Not listening to people and being willing to be influenced by what they have to say is a sure way to invite resistance. You probably knew that already!
I am a fan of listening, but you’ve got to know what you are getting into. A good friend attended a workshop that showed executives how to use the ideas that appear in a very popular book on change management. The executives were taught how to encourage conversation among people who need to support a change. The instructors told them that people need to “ get their feelings out.” The thinking, I assume, is that if people get a chance to gripe and whine for a while, they will get over their foolish resistance, and things can move along. Or, a less cynical reaction might be that “getting feelings out” serves as a catharsis.
This Is a Bad idea.
This misguided thinking puts all responsibility for fear and resistance on the people (I’ll call them the stuckees) who need to follow the leaders. Nothing in their “get people talking to each other” addresses the reasons why people might be reluctant or resistant in the first place. Perhaps they are resisting because it’s a bad idea; or because they don’t trust that senior leadership has the capacity to lead this project effectively; or perhaps no one has explained the need for a change in a way that makes sense to them. Those are all good reasons for resistance - and just getting their feelings out won’t reduce any of their questions or concerns.
In fact, a nasty paternalism is at play. The kindly leaders listen intently demonstrating that they want the kids to feel free to talk. And, once all that stuff is out of the way, the kids will realize that father (or mother) really did know best.
A Better Way
A much better approach would be to allow people to talk with the leaders (face-to-face, focus groups, surveys, etc.) so that the real reasons for resistance (and support) can be identified. And then, the leaders can engage people around the real issues, and even ask for their help in creating plans or dealing with critical issues.
What if leaders heard that people were afraid that this change might cost them their jobs? That’s big. If their fears are unwarranted, then leaders can tell them that. However, if this could result in downsizing, then leaders could ask for employees’ help in designing the change so that it will result in minimal (or no) reduction in staff. (I’ve seen that happen!) Or, at the very least, they could be honest and tell people what’s going to happen. (I’ve seen that happen too.)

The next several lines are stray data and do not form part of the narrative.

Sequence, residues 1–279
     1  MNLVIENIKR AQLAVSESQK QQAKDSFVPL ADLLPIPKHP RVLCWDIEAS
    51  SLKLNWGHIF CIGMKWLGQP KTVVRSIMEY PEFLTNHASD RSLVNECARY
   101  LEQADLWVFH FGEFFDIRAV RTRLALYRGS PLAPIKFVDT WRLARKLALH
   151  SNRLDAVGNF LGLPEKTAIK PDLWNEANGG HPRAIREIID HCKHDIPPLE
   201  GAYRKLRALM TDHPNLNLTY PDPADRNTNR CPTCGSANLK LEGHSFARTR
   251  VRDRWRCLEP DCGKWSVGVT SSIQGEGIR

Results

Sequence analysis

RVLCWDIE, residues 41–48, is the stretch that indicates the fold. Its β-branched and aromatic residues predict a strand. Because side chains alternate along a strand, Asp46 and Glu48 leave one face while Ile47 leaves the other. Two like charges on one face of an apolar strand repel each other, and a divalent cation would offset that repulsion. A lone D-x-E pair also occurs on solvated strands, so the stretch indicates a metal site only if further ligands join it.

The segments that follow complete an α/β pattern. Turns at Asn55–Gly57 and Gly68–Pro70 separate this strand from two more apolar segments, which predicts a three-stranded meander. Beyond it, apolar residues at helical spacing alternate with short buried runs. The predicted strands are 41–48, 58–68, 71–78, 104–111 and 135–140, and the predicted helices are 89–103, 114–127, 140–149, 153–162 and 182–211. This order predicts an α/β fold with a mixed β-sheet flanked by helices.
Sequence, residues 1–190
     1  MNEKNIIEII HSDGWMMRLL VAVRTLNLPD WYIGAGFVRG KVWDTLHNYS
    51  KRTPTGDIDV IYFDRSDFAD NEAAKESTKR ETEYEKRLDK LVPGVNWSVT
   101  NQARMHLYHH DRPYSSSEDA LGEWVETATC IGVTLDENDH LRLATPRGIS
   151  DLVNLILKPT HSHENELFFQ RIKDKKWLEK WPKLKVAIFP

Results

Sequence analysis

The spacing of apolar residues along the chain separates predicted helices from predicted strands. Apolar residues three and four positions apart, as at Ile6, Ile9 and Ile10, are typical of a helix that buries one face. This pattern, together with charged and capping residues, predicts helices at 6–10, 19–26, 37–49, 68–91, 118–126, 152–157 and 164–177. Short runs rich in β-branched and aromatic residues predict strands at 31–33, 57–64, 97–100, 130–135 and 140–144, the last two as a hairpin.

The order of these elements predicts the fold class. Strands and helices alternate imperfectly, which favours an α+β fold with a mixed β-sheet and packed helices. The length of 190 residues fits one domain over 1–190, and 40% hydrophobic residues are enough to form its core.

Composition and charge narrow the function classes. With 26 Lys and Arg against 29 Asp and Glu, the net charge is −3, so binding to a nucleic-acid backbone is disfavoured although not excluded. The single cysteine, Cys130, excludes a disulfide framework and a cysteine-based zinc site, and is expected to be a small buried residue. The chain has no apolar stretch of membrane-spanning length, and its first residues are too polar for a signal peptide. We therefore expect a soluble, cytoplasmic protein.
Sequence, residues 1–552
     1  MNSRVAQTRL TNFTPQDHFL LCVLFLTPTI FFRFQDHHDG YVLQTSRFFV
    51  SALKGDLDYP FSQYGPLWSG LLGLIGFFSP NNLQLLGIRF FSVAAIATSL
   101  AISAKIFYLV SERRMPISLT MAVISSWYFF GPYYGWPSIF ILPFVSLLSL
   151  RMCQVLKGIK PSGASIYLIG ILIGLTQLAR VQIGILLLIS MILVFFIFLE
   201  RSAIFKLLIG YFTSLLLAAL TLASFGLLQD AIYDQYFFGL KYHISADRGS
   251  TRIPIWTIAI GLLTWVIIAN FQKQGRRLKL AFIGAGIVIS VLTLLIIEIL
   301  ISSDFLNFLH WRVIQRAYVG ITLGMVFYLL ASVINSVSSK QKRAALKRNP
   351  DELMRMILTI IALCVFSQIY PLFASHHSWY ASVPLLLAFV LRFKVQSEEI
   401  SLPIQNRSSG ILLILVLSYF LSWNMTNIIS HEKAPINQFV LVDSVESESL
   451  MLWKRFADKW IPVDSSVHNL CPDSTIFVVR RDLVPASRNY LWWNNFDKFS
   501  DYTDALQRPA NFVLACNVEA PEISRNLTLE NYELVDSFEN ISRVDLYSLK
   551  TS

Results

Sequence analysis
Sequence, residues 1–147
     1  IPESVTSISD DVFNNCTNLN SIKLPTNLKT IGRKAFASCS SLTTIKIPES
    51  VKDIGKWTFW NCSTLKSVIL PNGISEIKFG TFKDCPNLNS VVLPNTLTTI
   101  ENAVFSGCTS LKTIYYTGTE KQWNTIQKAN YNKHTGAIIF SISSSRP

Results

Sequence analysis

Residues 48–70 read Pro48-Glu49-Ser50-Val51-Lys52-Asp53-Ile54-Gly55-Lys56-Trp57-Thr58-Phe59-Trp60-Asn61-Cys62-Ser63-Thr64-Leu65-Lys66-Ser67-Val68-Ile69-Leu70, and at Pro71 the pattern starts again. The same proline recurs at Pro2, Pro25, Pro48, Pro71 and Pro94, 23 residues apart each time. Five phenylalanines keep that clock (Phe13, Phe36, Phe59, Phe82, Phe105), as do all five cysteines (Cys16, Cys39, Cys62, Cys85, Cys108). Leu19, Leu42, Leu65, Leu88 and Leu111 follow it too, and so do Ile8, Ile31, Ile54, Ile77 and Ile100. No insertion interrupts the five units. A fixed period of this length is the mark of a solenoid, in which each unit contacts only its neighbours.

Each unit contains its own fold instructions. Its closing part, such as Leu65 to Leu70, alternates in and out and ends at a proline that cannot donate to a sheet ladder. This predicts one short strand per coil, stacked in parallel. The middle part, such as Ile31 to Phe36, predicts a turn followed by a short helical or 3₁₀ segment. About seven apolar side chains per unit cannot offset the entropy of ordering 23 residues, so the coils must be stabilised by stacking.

What’s important to remember is there are no born “resisters.” People resist in response to something. Think of resistance as a cause and effect phenomenon. When you feel resistance, ask, “What’s prompting my reaction?”
Resistance protects people from harm. Suppose that I’m a novice downhill skier. It’s resistance that keeps me from taking the chair lift to the top of Bodycast Mountain. In an organization, resistance keeps me from saying yes to an assignment that I think will kill my career. People may read the risks wrong, but in their minds the danger is real. When we learn the actual reasons for resistance then we have options. We can barrel ahead or we could engage people in conversations that encouraged them to help us improve the plans.
Here’s where The Energy Bar™ comes in. The “get it off your chests” approach fails to respect the gap between the leaders’ energy and the energy of those who have a stake in what’s going on. The work is in the gap between the energy leaders think they need and the energy they are getting.
I wish you well.
A version of this post appeared first on RickMaurer.com